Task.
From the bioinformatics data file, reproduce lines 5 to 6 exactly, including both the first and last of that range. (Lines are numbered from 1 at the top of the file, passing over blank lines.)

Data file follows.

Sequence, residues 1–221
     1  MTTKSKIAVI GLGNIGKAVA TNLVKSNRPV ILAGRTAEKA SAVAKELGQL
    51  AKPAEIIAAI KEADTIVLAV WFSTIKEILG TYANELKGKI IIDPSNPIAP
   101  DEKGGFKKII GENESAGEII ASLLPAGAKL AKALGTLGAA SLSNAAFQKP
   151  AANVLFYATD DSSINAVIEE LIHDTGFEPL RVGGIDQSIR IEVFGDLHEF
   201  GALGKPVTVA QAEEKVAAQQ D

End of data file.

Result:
   151  AANVLFYATD DSSINAVIEE LIHDTGFEPL RVGGIDQSIR IEVFGDLHEF
   201  GALGKPVTVA QAEEKVAAQQ D